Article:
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Psychle: Mortal Reproduction
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Mature male plants and animals pollenate female plants and animals, at which point the pollen and semen travels deeper into its womb, where new life first sparks. This is called conception for animals and fertilization for plants. Hermaphroditic plants, animals and humans can use male and female organs to pollenate and fertilize both others and themselves. Offspring then grows into fruits and babies, which mature towards sexual adulthood.
The alignment of the reproductive narratives shared by plants, animals and humans bears a cornucopia of familiar metaphors. The earth in which seeds gestate becomes seen as a mother’s womb. To be born is to sprout. To bear fruit is to bear children.
Birds and the bees, which carry out the masculine task of delivering pollen, become seen as male suitors. Flowers—the mature sexual organs of plants—become associated with sexual maturity. This is why Persephone, before abducted by Hades, plucks the narcissus. The flower is a narrative motif that symbolically communicates her stage in life—sexual maturity. Where the flower uses smell to drive its procreation, so do animals, so do humans. We use pheromones—a chemical mating call. Male animals are particularly attracted to the smell of females when they’re in heat or rutting. Despite the analogy’s crudeness, the cycle of a man’s attraction to a woman’s pheromones is driven by her ovulation pattern. A more elegant veneer can be seen in the conflation of perfume and scented flowers with seduction.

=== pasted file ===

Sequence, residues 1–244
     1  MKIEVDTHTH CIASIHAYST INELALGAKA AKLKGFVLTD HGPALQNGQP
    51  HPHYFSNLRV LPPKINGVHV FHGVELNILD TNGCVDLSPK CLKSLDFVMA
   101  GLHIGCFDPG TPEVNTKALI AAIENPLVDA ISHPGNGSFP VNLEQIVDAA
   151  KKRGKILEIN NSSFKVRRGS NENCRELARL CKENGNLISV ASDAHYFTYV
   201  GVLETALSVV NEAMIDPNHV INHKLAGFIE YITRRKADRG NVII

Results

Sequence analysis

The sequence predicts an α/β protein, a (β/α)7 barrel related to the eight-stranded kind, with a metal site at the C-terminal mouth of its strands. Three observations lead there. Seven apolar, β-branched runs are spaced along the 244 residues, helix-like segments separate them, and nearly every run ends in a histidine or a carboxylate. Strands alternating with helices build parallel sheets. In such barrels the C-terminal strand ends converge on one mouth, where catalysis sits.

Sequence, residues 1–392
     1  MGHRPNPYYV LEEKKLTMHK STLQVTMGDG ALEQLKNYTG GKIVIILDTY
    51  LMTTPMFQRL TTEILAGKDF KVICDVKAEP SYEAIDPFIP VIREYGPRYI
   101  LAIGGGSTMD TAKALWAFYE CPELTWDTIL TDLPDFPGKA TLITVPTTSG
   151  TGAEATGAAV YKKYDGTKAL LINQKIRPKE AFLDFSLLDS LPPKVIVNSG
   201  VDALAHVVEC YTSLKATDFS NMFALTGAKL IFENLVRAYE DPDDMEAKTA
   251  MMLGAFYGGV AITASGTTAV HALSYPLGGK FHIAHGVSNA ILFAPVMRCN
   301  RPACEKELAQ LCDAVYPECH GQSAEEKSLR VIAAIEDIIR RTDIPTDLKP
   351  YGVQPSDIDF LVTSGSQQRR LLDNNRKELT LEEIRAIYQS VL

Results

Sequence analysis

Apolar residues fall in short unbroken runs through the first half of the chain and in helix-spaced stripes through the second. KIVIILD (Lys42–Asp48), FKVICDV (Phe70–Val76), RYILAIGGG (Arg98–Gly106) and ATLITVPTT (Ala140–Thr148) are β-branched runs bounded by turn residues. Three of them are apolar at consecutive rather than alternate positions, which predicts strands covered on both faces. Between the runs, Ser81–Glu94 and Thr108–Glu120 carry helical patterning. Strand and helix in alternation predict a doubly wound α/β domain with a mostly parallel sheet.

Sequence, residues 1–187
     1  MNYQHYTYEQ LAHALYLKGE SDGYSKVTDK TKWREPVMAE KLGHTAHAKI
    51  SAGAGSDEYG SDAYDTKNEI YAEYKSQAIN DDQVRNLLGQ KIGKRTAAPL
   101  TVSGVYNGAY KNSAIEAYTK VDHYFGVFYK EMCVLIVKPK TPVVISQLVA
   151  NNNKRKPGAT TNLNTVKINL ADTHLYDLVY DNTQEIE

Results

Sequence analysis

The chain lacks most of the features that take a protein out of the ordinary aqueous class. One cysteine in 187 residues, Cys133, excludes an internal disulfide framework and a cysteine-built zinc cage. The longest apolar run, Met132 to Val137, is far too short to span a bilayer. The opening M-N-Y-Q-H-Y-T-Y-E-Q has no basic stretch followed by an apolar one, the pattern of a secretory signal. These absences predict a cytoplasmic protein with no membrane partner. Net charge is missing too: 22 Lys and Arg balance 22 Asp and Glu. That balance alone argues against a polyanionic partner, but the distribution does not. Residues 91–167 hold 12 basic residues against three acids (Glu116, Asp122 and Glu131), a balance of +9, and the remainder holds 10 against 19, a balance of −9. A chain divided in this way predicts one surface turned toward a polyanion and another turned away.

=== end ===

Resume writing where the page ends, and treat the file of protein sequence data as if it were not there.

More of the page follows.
The cycles of procreation are prominent in the mythic imagination. This is especially seen in the myths of great mothers—Inanna, Persephone, Mary, Isis, whose journey into the underworld is one of death, begins labor at the bottom. The return from the underworld is then represented by the labor and birth of her child. The return of Persephone is similarly conflated with the birth of her mysterious child, which follows her impregnation by seed from her husband. Isis’ story is mimetic—her conception is associated with the bottom of the Duat, and the birth of her son comes at the end of the journey through death. Like the other divine mothers, Mary was impregnated by a god. And as with Isis, the birth of her child is seen as the bringing of new light into the world.
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